Rio Rancho: Republicans and sheriffs in the state are asking U.S. Attorney General William Barr to look into Gov. Michelle Lujan Grisham’s health orders aimed at stopping the spread of COVID-19. State Republican Party Chairman Steve Pearce and New Mexico Sheriffs’ Association President Tony Mace each sent letters to Barr last week seeking a review into the health orders that have shuttered some businesses since late March. They say the orders, which have closed several small businesses, violate residents’ civil rights. Mace, the Cibola County sheriff and a frequent critic of fellow Democrat Lujan Grisham, said the health order was unfairly hurting residents. “The governor has been discriminatory in her policies, keeping big box corporate giants open – draining New Mexico dollars out of state – while shutting down mom and pop locally owned establishments,” Mase wrote.
New York: After an outcry over racial disparities in the city’s enforcement of social distancing, the mayor planned Sunday to double the ranks of non-police workers trying to persuade people to comply with the policy. The number of city workers deployed as “social distancing ambassadors” will grow by next weekend from about 1,000 to 2,300, Mayor Bill de Blasio said. “More and more, the emphasis will be on a communicative, encouraging approach,” the Democrat said, while noting that enforcement through ticketing “will still be there when needed.” “The last thing we want to see is enforcement if there’s any other way to get the job done.” The city didn’t immediately have information on social distancing arrests or summonses, if any, over the weekend. De Blasio reiterated there have been relatively few – under 10 summonses a day citywide – but said enforcement needs to be done “fairly and consistently in all communities.”
Raleigh: COVID-19 remains a “lethal threat” to residents who don’t take it seriously, Gov. Roy Cooper said Friday as rules he issued so more businesses can open and the public enjoy more of the outdoors took effect. Cooper offered sobering comments to citizens even while defending his decision this week to initiate Friday afternoon the first part of his three-phase plan to ease restrictions that began in March. He said it’s still preferable to stay at home but urged social distancing and wearing of face masks in public. Still, the Democratic governor and state health department Secretary Mandy Cohen said case data, testing, tracing and supply trends support easing the order. Nearly 15,000 people had tested positive in the state by Sunday, the state health department said, and 547 people have died.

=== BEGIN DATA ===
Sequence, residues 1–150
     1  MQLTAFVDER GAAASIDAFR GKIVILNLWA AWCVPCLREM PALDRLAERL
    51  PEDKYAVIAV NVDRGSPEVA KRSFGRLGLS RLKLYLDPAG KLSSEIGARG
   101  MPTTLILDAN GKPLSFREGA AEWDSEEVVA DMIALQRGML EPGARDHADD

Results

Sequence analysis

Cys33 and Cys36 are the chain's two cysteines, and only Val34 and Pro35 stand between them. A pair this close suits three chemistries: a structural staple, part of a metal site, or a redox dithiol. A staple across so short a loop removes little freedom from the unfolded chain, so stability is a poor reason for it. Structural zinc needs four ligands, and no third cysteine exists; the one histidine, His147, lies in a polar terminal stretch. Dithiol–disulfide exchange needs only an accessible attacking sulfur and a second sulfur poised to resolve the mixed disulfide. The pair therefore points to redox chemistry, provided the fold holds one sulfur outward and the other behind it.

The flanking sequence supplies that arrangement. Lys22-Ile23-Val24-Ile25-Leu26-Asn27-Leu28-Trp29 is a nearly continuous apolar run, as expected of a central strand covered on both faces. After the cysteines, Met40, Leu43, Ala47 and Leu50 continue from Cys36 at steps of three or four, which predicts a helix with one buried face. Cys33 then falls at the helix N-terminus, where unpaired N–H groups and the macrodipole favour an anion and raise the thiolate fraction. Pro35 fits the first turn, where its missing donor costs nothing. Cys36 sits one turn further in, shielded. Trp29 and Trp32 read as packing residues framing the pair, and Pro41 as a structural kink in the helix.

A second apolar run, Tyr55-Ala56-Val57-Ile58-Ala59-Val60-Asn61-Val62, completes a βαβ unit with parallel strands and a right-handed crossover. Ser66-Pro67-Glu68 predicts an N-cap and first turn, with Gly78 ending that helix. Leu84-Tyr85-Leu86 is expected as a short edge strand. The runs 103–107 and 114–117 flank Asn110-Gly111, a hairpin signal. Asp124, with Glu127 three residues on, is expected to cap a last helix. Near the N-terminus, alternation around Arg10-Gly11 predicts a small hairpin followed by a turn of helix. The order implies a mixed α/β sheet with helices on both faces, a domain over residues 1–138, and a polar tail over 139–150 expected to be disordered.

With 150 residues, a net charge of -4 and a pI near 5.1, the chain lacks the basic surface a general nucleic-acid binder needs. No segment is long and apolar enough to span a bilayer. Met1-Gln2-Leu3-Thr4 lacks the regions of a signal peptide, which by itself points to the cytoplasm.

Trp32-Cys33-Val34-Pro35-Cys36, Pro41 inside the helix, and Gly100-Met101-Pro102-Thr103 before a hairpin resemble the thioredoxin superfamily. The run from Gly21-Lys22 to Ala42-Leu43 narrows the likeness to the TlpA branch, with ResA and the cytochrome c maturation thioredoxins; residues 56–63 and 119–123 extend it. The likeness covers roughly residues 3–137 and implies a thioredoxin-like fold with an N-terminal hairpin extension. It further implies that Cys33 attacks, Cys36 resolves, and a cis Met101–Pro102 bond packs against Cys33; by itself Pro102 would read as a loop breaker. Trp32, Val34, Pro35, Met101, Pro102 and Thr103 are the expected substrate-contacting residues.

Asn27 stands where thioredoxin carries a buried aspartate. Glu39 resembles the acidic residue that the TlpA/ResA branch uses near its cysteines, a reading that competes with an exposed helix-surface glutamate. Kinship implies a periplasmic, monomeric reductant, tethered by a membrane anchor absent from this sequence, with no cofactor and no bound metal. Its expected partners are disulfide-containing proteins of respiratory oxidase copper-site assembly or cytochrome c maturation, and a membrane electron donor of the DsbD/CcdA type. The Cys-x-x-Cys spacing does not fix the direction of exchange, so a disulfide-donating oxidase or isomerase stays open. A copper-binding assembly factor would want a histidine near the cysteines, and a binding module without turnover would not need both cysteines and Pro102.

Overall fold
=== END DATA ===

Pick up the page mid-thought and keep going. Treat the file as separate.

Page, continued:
Bismarck: Cass County in eastern North Dakota remains the epicenter of the state’s coronavirus outbreak. North Dakota officials on Sunday reported 24 new cases of COVID-19 in Cass County, bringing the county’s total to 805 – more than half of the coronavirus cases in the state. Grand Forks County is second with 285 cases. Statewide, there were 1,491 confirmed cases as of Sunday, up 27 from the previous day. North Dakota’s death toll from COVID-19 remains at 35. Mass-testing events continued over the weekend, including one in Fort Yates on the Standing Rock Sioux Reservation, The Bismarck Tribune reports. On Facebook, the tribe reported 482 residents and essential workers were tested. Results are expected in several days. Meanwhile, Theodore Roosevelt National Park in western North Dakota resumed visitor access Saturday for day use of trails, picnic areas, roads and backcountry camping.
Columbus: Gov. Mike DeWine is acknowledging that there are risks to reopening the state’s economy following closures due to the coronavirus pandemic, but he says that “it’s really a risk no matter what we do.” The Republican governor dialed into the economic toll the pandemic has had on businesses during an appearance on “Fox News Sunday.” “The economy’s not going to open no matter what we do, whatever we order, unless people have confidence,” he said Sunday. “And we’re trying to give them confidence.” So, he said, officials are emphasizing that the virus is still out there and “still very, very dangerous,” so people should continue maintaining social distance, wearing masks and washing their hands. Retail businesses in Ohio will be allowed to reopen Tuesday. Barbershops, hair salons, day spas, nail salons and other services can start reopening Friday. Construction companies, distributors, manufacturers and offices were allowed to open last week.
Oklahoma City: A local plastic supplier company has been receiving thousands of orders for custom-made protective barriers from businesses reopening amid the coronavirus pandemic. Allied Plastic Supply is working out contracts with a wide variety of clients to fit each business’ needs. “Any place where there’s face-to-face customer interaction, we’re trying to develop styles that allow for that protection,” said Sheryl Gipson, a salesperson at Allied Plastic Supply. A casino has asked the company to put up plastic barriers between slot machines. A nail salon is getting barriers with a hole just large enough for customers to put their hands in so the nail technician can work, and a public library system wants to hang shields from the ceiling to protect checkout attendants. “The problem is going to be sourcing the material,” Gipson said. “There still are domestic suppliers of acrylic, but they’re running flat out trying to keep up with demand. It’s hard.”